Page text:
Potash sector rocked as Uralkali quits cartel
Russia's Uralkali has dismantled the world's largest potash cartel in a move that it expects to slash prices by 25 percent, heralding a reshaped industry and pummeling shares of companies that produce the key fertilizer ingredient.
The break-up of the Belarus Potash Company (BPC), a joint venture with Belarussian partner Belaruskali, could cause a price war and leaves North America's Canpotex as the dominant potash export venture.
It could also lead to cancellations of projects by rivals as the industry weighs the effect of lower prices, but may feed through to better deals for farmers and ultimately consumers.
U.S.-listed shares of the Canpotex owners - Potash Corp of Saskatchewan, Mosaic Co. and Agrium Inc. - plummeted before normal trading hours, cutting their market value by around $14 billion.
BPC and Canpotex had accounted for 70 percent of global trade in potash, and the duopoly had set identical prices in key markets such as China and India.
"In the last few years, BPC and Canpotex ... succeeded by raising potash prices much above their production cost," a senior official at a major Indian potash firm said, asking not to be identified because of the sensitivity of the matter.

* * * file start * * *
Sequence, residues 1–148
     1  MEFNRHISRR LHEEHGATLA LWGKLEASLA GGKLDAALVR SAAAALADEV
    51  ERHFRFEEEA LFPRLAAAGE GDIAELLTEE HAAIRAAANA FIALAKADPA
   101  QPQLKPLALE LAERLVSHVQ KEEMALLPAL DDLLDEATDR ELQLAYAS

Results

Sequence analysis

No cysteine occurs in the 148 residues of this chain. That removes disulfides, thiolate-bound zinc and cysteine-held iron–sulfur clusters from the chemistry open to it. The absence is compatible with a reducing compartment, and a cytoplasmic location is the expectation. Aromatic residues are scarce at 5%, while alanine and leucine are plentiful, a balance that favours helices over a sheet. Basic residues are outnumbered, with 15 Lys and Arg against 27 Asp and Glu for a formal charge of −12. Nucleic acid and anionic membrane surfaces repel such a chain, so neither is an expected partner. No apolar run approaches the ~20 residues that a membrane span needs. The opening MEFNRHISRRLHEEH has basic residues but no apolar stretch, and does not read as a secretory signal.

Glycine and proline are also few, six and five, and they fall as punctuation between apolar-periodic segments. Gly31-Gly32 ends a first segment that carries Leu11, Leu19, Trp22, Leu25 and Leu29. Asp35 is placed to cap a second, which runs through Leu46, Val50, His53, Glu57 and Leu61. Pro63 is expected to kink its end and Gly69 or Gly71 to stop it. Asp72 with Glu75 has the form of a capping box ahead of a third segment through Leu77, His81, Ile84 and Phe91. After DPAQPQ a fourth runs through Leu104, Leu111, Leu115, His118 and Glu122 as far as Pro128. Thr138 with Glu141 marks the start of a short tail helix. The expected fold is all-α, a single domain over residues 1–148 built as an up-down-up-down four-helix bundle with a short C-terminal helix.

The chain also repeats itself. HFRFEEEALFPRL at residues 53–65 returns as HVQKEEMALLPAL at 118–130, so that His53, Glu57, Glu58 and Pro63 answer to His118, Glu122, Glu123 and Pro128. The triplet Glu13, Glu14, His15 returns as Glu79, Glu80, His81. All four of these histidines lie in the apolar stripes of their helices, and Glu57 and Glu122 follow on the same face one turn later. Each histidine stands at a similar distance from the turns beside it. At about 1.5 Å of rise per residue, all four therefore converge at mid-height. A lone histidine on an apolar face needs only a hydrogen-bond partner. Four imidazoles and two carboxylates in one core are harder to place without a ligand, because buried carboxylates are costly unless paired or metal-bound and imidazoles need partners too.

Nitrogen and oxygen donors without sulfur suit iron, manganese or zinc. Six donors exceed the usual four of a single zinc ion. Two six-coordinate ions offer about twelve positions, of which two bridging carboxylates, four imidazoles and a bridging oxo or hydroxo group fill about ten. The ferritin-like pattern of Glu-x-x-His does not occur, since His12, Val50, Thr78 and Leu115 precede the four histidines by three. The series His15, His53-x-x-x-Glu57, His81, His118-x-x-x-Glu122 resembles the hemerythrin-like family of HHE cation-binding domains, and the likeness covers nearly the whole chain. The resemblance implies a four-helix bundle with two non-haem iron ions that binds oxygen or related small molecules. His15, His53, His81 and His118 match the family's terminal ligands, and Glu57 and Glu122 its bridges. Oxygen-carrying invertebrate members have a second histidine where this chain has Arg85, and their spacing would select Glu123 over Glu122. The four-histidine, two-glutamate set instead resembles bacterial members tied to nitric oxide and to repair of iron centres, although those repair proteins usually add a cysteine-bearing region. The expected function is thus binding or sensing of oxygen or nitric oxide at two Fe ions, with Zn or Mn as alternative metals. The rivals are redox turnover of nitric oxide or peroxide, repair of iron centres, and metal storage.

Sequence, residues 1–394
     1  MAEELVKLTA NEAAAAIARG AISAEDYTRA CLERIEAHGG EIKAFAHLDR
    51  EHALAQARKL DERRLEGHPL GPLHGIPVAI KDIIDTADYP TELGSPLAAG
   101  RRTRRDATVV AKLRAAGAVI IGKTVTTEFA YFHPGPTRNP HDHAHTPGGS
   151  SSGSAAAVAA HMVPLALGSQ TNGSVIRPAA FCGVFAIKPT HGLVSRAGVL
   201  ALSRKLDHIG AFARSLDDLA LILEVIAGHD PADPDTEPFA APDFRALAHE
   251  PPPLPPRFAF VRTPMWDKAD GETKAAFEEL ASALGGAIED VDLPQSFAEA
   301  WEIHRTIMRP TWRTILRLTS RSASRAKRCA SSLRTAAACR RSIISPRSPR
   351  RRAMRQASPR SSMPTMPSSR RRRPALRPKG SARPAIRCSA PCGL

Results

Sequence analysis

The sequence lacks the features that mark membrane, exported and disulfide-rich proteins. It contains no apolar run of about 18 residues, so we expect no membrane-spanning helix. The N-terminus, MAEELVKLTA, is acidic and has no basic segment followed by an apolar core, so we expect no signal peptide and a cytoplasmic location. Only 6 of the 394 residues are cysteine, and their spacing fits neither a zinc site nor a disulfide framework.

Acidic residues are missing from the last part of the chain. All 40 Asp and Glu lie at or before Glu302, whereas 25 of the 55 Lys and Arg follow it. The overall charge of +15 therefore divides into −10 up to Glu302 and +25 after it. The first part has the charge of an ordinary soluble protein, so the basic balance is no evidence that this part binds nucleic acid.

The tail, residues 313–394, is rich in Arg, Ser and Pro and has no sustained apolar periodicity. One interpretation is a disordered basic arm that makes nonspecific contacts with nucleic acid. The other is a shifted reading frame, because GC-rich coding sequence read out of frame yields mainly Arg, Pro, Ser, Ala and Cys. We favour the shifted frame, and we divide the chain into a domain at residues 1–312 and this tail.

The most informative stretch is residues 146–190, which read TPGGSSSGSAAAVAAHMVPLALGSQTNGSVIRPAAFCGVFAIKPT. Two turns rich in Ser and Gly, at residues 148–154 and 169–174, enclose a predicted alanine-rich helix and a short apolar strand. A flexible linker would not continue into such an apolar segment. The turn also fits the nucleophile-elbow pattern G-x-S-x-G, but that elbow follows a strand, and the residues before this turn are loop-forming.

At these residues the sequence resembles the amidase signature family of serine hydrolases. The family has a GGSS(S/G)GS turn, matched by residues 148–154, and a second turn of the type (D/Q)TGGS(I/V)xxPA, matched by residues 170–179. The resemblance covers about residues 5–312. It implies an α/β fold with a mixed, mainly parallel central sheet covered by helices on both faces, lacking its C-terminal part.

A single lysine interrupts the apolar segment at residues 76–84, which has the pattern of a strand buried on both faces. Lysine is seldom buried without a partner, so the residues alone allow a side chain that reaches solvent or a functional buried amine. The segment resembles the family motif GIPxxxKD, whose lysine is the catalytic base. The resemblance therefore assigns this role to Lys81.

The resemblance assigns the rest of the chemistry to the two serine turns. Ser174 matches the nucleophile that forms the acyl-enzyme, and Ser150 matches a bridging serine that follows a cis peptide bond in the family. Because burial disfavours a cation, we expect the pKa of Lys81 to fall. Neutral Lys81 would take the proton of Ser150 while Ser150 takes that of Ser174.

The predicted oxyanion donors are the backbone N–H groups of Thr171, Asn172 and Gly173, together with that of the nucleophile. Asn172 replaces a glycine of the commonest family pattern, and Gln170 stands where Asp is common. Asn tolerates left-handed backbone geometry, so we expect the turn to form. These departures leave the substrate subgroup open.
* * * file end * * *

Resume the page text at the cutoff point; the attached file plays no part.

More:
"It hurt Indian companies, Indian farmers and the Indian government," the official said. "The break-up will limit their power ... Certainly this will bring down potash prices."
Uralkali is pulling out of the venture after reaching "deadlock" over sales and will export potash via its Swiss-based Uralkali Trading, chief executive Vladislav Baumgertner said.
"In the near future we expect (global) competition to become stronger - that will push prices down," Baumgertner said.
The decision to quit BPC may lead to a fall in the global potash price to below $300 per tonne in the second half of 2013, from the current $400, Uralkali said. Lower fertilizer prices could mean rising demand from price-sensitive farmers in Asia.
"It is as if Saudi Arabia decided to leave OPEC - oil prices would fall immediately," said Dmitry Ryzhkov, equity sales trader at Renaissance Capital.
Shares of Uralkali, part-owned by tycoon Suleiman Kerimov, plunged more than 20 percent, prompting the Moscow bourse to suspend trading in the stock.
Shares of Germany's K+S, a rival fertilizer firm, sank by 24.5 percent to a six-year low.
Potash Corp shares were down about 24 percent at around $29, while Mosaic and Agrium fell 26 and 7 percent respectively. Agrium's fall was less steep as it is more focused on nitrogen production than potash.